Michael Ruse is an author and philosopher of biology at Florida State University. He says something in a guest post at Science and the Sacred which struck me as odd coming from an self-described agnostic (atheists in respect to Christian doctrine), but serves as a rebuke to those who claim to be Christ-followers and yet deny essential truths. In his mind you have more intellectual integrity as an atheist or agnostic than you would as a theologically liberal “Christian.”
I think of myself as an agnostic on deities and ultimate meanings and that sort of thing. With respect to the main claims of Christianity – loving god, fallen nature, Jesus and atonement and salvation – I am pretty atheistic, although some doctrines like original sin seem to me to be accurate psychologically. I often refer to myself as a very conservative non-believer, meaning that I take seriously my non-belief and I think others should do (and often don’t). If someone goes to the Episcopal Church for social or family reasons, or because they love the music or ceremonies, I have no trouble with that. Had I married a fellow Quaker, I might still be going to Quaker meetings. But I have little time for someone who denies the central dogmas of Christianity and still claims to be a Christian, except in a social sense. No God, no Jesus as His son, no resurrection, no eternal life – no Christianity.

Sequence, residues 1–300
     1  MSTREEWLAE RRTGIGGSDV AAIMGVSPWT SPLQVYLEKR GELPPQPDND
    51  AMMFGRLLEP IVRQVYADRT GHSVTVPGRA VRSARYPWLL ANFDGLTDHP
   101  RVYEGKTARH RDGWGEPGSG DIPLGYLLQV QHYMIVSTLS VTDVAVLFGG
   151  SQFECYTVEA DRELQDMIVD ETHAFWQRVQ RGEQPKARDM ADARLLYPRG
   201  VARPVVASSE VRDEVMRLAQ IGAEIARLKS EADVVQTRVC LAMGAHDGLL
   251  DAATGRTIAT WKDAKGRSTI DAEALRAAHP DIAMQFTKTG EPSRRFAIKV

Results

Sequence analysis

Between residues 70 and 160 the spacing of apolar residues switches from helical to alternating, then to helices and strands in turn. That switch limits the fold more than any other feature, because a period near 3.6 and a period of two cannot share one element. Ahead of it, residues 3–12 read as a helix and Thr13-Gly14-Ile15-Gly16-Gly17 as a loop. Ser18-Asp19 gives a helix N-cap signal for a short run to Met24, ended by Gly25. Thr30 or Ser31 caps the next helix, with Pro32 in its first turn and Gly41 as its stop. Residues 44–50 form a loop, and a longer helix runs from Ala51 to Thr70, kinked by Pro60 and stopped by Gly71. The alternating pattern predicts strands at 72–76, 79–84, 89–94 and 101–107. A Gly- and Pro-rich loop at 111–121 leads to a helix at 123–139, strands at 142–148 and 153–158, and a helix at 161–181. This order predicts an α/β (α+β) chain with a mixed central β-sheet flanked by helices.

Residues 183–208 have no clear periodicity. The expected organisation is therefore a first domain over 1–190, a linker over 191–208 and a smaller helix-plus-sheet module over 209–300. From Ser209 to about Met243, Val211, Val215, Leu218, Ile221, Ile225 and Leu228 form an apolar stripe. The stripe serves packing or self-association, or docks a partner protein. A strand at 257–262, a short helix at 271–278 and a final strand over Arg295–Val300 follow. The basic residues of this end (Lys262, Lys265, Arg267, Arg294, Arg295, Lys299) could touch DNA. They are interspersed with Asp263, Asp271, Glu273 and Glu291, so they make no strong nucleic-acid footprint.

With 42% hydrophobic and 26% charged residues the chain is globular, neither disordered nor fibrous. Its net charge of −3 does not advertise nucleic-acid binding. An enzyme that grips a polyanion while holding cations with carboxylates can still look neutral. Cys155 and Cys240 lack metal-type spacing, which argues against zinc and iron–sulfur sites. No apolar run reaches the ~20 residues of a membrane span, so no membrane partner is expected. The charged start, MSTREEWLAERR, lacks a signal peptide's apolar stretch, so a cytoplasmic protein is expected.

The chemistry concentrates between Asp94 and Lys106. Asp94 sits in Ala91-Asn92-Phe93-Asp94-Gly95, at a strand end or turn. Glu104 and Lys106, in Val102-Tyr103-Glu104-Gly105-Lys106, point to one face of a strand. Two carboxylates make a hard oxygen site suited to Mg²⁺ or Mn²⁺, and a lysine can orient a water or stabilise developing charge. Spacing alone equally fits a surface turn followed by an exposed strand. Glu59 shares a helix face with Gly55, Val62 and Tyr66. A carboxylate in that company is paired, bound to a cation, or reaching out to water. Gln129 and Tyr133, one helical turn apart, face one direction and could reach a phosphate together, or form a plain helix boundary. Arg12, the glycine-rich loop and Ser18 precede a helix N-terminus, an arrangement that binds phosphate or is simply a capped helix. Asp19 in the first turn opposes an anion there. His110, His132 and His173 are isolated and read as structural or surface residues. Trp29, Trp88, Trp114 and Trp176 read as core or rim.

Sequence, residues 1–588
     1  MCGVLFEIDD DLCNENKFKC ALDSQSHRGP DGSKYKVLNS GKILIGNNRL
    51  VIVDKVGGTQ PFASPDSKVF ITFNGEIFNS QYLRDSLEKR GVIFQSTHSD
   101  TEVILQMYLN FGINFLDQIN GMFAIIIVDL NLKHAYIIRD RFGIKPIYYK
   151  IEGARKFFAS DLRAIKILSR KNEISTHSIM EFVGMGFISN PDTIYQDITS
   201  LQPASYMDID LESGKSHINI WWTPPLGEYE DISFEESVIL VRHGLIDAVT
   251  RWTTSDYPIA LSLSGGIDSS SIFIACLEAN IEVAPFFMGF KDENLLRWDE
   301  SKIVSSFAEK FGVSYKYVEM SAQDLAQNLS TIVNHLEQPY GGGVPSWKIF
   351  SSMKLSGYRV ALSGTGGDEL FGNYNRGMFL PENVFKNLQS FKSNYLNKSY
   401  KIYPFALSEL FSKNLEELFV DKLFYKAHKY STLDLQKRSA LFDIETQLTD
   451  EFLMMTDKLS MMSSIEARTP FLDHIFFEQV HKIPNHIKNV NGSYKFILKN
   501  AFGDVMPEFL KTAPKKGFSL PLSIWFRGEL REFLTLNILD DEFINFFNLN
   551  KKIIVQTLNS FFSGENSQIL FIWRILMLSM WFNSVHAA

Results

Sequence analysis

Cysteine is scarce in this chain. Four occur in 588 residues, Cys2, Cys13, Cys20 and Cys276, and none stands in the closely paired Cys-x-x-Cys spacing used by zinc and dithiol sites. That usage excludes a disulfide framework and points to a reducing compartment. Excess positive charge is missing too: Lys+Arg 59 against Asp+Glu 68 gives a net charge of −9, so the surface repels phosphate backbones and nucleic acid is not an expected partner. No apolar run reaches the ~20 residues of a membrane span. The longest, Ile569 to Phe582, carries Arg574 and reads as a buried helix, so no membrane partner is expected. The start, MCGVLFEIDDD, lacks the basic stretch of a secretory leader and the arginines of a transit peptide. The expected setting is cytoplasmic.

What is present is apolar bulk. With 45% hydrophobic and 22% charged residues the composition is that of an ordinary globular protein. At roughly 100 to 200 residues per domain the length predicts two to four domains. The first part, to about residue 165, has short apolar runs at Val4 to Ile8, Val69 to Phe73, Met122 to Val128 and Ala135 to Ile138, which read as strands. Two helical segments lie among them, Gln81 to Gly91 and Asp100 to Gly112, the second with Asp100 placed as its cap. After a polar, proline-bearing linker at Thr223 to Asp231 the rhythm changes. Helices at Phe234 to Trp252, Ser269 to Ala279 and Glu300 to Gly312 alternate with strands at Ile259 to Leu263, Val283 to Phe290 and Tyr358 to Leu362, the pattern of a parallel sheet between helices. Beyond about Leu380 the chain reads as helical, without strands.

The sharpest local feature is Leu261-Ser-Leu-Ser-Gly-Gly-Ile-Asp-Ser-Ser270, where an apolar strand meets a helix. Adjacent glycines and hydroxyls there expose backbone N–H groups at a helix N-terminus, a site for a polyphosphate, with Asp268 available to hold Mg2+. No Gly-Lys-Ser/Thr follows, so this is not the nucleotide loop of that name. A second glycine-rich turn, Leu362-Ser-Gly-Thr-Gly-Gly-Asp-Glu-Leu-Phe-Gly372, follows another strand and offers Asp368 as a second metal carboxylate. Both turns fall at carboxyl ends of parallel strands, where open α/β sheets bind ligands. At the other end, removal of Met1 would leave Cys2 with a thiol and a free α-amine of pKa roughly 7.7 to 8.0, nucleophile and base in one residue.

HT: Erik Raymond
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